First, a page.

This was, in my opinion the best game: good writing, solid programming and a clever puzzle. Overall, I rated it second to Pensées Profondes in terms of overall works in this year’s comp because I thought the writing quality and amount of work that went into Pensées Profondes put it in another class, but I don’t want to undersell the writing in this game deftly evoked period and genre-specific atmosphere.

A final word on mechanics: every game this year had a web-interface, and most were twine-based, but I suspect that there is a parser lurking below the surface of this one.

Karma Manager v1.2

Jérémie P.

For me, this game fell into the same category as La malédiction dont vous êtes le héros: a super idea, but not implemented deeply enough.

For parser-based games, deep implementation is the unobtainable goal of being able to do anything to any object. For a game with CYOA format, it is a question of the number of places in the story that offer a choice and how varied that choice is.

The premise of this work is that it is an app to optimize the path through reincarnation by keeping track of karma collected over multiple lives. The layout is game-like, with text on the left and stats on the right. You begin by choosing a family to be born into and then make a series of choices throughout life.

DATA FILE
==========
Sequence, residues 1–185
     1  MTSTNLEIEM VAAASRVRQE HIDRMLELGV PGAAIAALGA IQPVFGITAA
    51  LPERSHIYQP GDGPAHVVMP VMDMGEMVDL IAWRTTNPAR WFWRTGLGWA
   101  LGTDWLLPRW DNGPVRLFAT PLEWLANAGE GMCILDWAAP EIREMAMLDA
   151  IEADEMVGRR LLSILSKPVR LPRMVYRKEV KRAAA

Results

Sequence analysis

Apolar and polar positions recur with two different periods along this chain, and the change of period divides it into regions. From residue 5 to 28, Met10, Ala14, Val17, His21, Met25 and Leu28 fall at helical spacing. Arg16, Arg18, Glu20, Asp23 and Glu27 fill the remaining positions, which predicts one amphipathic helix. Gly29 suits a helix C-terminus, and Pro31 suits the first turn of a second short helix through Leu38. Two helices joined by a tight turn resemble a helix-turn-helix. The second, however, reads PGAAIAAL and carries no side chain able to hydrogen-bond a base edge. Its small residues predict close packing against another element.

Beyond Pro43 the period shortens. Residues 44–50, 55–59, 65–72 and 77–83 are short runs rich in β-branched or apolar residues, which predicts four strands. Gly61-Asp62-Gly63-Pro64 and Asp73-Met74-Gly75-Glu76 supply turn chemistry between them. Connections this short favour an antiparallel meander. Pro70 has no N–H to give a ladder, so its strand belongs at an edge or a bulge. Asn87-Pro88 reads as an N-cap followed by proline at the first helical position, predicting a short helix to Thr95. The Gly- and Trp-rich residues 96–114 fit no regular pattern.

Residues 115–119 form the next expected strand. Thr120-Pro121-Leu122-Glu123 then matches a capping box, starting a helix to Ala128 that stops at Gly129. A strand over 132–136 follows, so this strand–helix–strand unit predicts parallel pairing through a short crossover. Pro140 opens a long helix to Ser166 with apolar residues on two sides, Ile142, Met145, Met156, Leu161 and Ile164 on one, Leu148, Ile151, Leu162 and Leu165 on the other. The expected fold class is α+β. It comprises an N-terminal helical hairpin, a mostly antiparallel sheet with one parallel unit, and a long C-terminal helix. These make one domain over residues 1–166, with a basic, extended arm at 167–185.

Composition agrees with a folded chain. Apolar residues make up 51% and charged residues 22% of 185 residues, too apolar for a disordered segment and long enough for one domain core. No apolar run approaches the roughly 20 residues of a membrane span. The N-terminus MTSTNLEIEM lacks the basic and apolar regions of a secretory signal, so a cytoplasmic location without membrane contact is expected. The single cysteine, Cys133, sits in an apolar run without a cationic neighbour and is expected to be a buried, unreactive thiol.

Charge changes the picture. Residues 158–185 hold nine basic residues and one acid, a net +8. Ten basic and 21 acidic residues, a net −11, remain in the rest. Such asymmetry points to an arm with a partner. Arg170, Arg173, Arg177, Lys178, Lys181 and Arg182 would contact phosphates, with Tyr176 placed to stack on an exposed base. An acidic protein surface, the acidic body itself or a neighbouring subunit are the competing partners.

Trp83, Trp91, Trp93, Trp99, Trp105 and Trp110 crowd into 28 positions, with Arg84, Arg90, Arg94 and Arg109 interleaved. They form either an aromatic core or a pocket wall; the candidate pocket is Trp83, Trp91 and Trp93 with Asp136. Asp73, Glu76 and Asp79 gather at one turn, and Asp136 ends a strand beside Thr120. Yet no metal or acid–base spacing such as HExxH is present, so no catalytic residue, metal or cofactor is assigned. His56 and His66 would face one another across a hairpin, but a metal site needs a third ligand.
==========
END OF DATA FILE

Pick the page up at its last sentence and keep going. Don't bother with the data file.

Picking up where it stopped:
Unfortunately, there is not much variability in the text. Only a limited number of situations occur in each life, and you tend to see them again and again. The game would have benefited from more variety such that each life really felt like a new opportunity.

Playing over several lives, I got the general idea of how to maximize karma, but I would not say that there is a foolproof method, so there is limited player autonomy to steer the character towards nirvana. I was surprised that there were no negative consequences to choices: you can gain but not lose karma. That makes sense in terms of compelling the game towards a definitive end in a reasonable amount of time, but I don’t think that is really how karma works.